Those spearheading the effort report that the Waikoloa Village Association recently voted to extend the lease of the land to the Waikoloa Dry Forest Initiative.
The measure was passed with 690 “yes” votes, or 88%, during the recent Waikoloa board elections. The Waikoloa Village Association Board can now authorize a lease extension of 75 years.
A recent newsletter also reports on an ongoing inventory of native wiliwili trees within and around the fenced area. Scroll down to see the map below, courtesy waikoloadryforest.org. Researchers from UH Manoa and DOFAW are collecting data from both the dead and live trees to better understand the effects of a devastating Erythrina gall wasp on the population and to monitor the success of a predator wasp release in 2008.
In 2007, at the height of the gall wasp infestation, surveys showed 120 live wiliwili in the Waikoloa Village vicinity.
In the past five years, many trees have succumbed to the wasp – which lay eggs in the wiliwili leaf, from which a wasp larvae form the damaging galls. However, this year many of the remaining trees show little sign of galling this year, a good sign for the remaining trees.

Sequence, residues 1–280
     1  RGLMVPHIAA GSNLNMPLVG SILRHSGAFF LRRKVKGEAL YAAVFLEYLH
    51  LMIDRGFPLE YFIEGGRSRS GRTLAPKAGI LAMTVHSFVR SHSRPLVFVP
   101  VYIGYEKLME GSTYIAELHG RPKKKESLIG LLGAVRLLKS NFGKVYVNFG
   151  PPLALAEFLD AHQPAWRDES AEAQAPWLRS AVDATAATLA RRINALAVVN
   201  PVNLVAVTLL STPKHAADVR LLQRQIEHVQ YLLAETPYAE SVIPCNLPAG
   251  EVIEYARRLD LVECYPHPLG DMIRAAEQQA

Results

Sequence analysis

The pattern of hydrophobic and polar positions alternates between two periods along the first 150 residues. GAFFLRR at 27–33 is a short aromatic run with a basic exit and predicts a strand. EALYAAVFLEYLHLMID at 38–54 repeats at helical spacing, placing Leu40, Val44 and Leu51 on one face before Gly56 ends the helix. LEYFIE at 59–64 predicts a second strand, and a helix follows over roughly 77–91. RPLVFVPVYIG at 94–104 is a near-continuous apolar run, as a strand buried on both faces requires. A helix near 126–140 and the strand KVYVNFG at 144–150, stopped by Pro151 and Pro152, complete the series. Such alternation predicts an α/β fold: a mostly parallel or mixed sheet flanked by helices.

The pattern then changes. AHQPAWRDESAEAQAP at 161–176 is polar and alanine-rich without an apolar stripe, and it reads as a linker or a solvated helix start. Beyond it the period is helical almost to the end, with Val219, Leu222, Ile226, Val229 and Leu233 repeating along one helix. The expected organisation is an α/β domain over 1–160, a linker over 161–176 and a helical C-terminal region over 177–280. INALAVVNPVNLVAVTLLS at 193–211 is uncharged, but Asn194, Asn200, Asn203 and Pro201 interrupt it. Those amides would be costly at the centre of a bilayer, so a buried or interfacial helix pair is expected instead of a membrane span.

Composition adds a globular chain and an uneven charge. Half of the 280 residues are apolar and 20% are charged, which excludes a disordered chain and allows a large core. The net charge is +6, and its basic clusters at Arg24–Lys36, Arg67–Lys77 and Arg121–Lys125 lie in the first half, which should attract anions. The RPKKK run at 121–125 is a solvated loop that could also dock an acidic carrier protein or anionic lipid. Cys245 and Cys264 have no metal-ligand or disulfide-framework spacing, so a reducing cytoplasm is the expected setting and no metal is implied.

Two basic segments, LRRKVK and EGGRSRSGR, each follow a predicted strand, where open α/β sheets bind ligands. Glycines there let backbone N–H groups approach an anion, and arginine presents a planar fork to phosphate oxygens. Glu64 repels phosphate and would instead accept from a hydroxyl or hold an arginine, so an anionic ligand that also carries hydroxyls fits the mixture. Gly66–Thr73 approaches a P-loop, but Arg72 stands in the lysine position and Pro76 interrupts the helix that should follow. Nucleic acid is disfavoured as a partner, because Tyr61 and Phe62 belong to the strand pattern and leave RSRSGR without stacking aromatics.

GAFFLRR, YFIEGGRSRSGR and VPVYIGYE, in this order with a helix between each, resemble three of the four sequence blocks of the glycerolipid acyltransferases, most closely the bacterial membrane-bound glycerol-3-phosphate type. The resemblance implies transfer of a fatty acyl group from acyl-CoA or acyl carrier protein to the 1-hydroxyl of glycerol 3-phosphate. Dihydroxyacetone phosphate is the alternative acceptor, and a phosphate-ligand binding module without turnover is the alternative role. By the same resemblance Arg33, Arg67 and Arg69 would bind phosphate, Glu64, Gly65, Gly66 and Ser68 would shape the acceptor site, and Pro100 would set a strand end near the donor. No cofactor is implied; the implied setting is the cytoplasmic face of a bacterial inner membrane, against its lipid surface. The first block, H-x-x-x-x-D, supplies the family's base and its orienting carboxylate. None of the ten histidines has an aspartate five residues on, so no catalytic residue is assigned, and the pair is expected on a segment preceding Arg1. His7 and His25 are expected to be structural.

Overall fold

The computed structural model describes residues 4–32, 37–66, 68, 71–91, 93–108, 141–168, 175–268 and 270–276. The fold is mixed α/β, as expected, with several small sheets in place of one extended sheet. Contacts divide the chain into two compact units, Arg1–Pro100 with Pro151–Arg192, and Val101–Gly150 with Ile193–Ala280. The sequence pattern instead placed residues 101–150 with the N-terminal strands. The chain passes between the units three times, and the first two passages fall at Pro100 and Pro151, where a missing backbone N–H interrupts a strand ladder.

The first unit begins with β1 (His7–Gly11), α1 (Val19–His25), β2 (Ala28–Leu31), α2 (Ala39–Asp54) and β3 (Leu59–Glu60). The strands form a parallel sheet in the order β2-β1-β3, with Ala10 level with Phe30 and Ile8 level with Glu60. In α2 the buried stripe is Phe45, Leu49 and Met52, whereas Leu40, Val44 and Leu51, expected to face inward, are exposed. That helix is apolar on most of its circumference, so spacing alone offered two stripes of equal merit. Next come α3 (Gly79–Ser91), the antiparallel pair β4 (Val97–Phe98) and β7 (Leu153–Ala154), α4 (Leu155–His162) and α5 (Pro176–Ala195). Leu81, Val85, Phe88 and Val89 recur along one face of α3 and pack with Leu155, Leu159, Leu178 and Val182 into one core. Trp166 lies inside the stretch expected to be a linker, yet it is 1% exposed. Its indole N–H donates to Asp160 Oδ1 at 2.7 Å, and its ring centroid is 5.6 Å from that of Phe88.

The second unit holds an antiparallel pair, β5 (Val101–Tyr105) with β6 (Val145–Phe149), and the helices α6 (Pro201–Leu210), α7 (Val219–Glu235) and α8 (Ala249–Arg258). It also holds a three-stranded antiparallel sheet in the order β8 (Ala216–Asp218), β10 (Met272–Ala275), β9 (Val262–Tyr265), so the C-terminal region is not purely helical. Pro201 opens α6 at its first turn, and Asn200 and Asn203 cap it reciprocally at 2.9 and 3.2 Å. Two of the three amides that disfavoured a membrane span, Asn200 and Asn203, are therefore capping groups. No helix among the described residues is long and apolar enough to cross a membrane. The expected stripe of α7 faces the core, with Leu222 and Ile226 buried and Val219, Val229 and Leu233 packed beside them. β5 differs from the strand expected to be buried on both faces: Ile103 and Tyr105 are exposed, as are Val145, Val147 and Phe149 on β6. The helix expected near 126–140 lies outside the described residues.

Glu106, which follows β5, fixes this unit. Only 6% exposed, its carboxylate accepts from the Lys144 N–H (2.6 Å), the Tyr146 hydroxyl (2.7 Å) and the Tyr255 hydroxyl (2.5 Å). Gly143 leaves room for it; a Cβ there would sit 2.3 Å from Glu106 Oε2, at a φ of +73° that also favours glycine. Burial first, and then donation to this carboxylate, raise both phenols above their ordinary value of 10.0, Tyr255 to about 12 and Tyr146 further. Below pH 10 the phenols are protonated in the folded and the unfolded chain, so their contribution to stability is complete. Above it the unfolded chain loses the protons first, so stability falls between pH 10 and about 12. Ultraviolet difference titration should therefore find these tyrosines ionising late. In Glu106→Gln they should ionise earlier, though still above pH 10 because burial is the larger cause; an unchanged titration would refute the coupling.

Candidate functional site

There will also be a volunteer work day on Saturday, June 9th… it will be a day of planting wiliwili and other native dry forest species.
As always… volunteers are asked to meet at the corner of Quarry Road and Waikoloa Road at 8:00am, and transportation to the site will be provided. The work day will conclude at 12pm and refreshments will be provided.
by Big Island Video News
WAIKOLOA, Hawaii: Here’s an update on the Waikoloa Dry Forest Initiative, the 275 acres of fenced lowland dry forest just outside of the Village. Those spearheading the effort report that the Waikoloa Village Association recently voted to extend the lease of the land to the Waikoloa Dry Forest Initiative. The measure was passed with 690 […]